n May 2nd, The Writer’s Guild of America (WGA) and the Alliance of Motion Picture and Television Producers (AMPTP) reached an eleventh-hour agreement on a new three-year collective bargaining agreement (CBA) that averts a pending strike by the writers that was scheduled to begin that day. The agreement was announced in a joint statement by the WGA and AMPTP mere hours prior to the expiration of the current collective bargaining agreement.
The joint statement was light on the details of what was included in the new CBA but is believed to include a bailout for the WGA’s ailing health insurance plan, which is running steep deficits. Other contentious issues bringing the negotiations down to the wire included raising rates for streaming television series to be on par with those paid on broadcast network series, larger residuals for online reruns of old shows and movies, and “span”—how long television writers spend on individual scripts.
The “span” issue has arisen because networks are ordering more television series but fewer episodes per season, with each episode taking longer to produce. Because writers are generally paid on a per episode basis, these changes have created disparities in how much TV writers earn, despite television’s ascendance as a dominant cultural medium.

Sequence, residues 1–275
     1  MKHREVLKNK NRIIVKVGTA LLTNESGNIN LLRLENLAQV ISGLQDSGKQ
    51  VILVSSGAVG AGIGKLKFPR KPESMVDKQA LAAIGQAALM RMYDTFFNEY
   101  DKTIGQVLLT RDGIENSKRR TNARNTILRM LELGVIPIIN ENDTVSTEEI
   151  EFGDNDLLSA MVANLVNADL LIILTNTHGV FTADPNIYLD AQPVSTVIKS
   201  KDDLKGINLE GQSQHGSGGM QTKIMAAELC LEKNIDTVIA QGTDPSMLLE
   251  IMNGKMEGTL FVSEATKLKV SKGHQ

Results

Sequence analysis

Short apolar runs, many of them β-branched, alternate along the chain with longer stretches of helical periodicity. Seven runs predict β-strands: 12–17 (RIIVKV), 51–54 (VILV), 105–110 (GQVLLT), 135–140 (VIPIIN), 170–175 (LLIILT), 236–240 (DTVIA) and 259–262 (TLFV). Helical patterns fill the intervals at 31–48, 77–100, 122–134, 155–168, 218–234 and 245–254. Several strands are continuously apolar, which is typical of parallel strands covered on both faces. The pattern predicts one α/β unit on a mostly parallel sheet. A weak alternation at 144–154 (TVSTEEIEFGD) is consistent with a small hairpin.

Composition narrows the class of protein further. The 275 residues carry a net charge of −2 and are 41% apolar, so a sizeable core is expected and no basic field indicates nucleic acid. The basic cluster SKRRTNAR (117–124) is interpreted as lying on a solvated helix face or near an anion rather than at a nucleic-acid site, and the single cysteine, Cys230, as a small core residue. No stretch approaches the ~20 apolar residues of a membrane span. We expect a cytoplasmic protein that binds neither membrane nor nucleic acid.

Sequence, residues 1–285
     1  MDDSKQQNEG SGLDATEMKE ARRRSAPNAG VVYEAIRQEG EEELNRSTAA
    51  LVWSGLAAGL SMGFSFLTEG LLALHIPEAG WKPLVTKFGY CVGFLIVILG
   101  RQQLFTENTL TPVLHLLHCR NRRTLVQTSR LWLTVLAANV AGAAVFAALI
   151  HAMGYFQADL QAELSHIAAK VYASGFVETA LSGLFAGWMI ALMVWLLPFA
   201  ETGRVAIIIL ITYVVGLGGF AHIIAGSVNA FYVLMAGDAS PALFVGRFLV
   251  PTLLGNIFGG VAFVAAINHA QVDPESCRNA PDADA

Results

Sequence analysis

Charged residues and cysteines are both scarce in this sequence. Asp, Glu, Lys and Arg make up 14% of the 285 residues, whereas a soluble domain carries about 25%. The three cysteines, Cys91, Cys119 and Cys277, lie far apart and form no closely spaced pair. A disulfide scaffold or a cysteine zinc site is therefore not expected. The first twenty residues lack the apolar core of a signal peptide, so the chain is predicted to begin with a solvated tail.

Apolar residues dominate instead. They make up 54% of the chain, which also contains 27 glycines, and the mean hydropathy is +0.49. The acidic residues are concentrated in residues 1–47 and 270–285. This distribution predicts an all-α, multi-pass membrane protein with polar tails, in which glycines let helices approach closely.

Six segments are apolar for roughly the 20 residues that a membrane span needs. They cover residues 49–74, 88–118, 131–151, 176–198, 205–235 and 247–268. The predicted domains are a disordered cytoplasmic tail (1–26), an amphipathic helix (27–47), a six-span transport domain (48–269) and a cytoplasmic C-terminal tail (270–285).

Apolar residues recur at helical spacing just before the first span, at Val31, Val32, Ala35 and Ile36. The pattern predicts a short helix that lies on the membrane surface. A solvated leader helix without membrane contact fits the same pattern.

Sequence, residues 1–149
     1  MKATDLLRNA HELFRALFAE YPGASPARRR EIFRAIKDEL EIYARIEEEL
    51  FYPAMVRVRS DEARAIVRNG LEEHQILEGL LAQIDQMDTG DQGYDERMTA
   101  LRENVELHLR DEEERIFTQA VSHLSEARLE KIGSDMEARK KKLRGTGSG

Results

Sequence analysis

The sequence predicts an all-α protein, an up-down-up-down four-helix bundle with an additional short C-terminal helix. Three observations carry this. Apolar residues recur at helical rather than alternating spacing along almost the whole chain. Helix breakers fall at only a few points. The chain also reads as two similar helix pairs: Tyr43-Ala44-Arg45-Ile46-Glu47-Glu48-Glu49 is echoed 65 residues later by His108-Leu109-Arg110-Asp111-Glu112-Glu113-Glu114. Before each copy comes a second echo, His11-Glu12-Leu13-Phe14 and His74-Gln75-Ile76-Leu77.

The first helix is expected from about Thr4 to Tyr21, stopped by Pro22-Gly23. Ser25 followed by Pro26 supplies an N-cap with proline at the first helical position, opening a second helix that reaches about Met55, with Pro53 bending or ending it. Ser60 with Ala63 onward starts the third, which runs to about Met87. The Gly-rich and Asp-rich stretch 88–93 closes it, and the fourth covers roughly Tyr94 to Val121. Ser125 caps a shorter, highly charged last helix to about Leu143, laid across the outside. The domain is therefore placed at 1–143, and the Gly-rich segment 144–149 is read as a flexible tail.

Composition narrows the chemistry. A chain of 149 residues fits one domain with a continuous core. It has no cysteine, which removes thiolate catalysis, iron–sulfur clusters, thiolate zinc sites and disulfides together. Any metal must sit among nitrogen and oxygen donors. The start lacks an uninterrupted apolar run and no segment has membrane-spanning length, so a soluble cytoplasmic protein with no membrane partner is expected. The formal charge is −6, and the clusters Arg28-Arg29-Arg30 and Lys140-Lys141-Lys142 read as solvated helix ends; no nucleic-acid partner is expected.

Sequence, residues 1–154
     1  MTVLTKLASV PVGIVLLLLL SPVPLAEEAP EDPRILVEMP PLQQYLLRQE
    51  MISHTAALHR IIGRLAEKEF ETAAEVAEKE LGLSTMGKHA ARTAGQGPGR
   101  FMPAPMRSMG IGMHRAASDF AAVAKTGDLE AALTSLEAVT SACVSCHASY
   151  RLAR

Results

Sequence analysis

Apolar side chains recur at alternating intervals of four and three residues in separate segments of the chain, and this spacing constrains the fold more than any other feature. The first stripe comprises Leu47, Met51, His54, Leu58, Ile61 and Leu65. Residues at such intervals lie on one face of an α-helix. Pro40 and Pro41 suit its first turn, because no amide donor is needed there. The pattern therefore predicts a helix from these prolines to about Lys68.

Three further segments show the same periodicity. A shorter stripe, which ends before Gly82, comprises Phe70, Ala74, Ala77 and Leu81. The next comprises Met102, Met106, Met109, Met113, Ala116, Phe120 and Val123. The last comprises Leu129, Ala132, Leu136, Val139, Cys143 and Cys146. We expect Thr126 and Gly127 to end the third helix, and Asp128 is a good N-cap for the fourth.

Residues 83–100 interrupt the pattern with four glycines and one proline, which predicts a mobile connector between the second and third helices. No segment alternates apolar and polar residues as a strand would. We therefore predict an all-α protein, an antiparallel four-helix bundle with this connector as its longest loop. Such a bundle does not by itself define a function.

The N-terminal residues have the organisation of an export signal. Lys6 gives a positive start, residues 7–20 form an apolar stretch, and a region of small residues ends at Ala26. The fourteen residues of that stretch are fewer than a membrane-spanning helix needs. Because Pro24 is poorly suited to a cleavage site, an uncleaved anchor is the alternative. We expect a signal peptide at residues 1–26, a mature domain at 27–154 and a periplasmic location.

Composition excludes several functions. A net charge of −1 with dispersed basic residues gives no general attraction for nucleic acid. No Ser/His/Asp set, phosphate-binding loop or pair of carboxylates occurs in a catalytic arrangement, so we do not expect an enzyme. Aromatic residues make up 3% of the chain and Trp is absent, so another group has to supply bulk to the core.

Many in the entertainment world were dreading what appeared to be an impending strike as memories of the last strike in 2007-2008 remain fresh. That strike, which lasted 100 days, was estimated to cost the entertainment industry over $2 billion and has been widely credited with aiding the rise of reality television, which does not rely on writers’ scripts.
Last month, writers overwhelmingly voted to authorize the strike, and the contentious negotiations included multiple starts and stops in the process. As of last week, the divide in the positions of the parties seemed so wide that many writers were taking precautions such as removing valuable items from studio offices on Monday afternoon. Reports have also circulated that WGA strike captains circulated memos to writers that included picket-line strategies.
Needless to say, many in the industry woke up with relief on Tuesday that they would be headed to work as usual and fans of film and television can be assured that their favorite shows will continue unabated, at least until the next round of negotiations.
Details on what was included in the new CBA, including pay rates, residuals, and “span” should be forthcoming in the coming days.
Filed in: Legal Blog
May 8, 2017